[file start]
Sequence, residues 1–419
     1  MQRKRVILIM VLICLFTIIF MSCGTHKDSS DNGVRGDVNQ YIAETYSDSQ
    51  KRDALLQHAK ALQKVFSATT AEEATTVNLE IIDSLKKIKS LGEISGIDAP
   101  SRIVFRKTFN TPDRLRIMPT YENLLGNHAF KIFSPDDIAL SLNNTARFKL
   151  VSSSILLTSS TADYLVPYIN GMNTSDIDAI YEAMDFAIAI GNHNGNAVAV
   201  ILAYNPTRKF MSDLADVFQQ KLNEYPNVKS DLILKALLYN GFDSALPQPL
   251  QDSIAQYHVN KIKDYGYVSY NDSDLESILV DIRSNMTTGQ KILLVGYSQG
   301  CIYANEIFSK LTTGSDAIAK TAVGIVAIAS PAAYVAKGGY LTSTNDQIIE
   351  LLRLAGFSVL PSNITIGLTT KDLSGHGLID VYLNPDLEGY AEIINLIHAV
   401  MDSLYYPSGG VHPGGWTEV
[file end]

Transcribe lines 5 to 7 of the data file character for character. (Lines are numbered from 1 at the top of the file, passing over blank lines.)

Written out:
   151  VSSSILLTSS TADYLVPYIN GMNTSDIDAI YEAMDFAIAI GNHNGNAVAV
   201  ILAYNPTRKF MSDLADVFQQ KLNEYPNVKS DLILKALLYN GFDSALPQPL
   251  QDSIAQYHVN KIKDYGYVSY NDSDLESILV DIRSNMTTGQ KILLVGYSQG